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About five years seems to be the sweet spot for people and companies working on generative AI. It’s a time that many people have reached, such as Spectrum Labs’ Justin Davis. Davis joined GamesBeat’s in-house dean Takahashi to talk about generative AI and whether communities are ready for it at our recent GamesBeat Summit.
The five-year term is popping up everywhere. Many of the big names in generative AI technologies have crossed it but have kept it quiet for the most part. It takes time to create working technology and the AI space is no different.
As consumers, we only see the end result. We see something like ChatGPT being released and multiple versions and revisions soon to follow. It gives the illusion that these things normally develop quickly, but the reality is that it usually takes time.
The time spent has an additional effect. It makes creators think about how the technology will ultimately be used by the general public. AI developers must consider all angles, including bad faith use that has already begun popup.
“I think this is just a sign of things to come,” Davis said of an AI-generated hoax that caused the market to fall. “We have been talking about deepfakes and all kinds of threats coming from generative AI for years. It was just another reminder of the risk and threats that come with putting powerful technology in the hands of people who can do real harm to the real world.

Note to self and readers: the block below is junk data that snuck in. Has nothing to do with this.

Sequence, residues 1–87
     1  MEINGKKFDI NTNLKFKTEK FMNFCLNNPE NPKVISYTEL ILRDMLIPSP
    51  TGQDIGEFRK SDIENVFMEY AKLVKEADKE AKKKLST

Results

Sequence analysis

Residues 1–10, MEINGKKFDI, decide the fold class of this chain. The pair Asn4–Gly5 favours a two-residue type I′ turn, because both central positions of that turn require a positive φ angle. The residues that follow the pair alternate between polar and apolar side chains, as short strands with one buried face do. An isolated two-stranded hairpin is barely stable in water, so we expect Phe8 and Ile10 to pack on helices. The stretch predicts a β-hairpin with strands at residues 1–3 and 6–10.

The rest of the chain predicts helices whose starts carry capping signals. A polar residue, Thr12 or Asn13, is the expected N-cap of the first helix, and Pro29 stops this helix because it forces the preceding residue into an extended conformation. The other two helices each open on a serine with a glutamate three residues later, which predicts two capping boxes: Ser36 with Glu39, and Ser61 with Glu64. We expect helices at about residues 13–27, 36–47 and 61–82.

The technology is there
Despite a handful of similar examples, the truth is that most people don’t yet have a solid understanding of AI. But with software like ChatGPT available in the wild, things like Unity’s Project Barracuda on their way to mainstream devices, it’s only a matter of time.
The fact is, it’s almost less about whether or not communities are ready for generative AI. The technology is here and getting better every day. As companies begin to use it to build out video game worlds, or use it for moderation purposes, communities have little choice but to prepare.
For now, however, there is still a necessary human element in play. AI can already do a lot, but not everything. Yet.
“You come up with a hate speech or threat policy that covers all the use cases that the AI can support,” Davis said. “But what about the edges? What about the things that are not covered by that policy? That’s where you need people to come in.”
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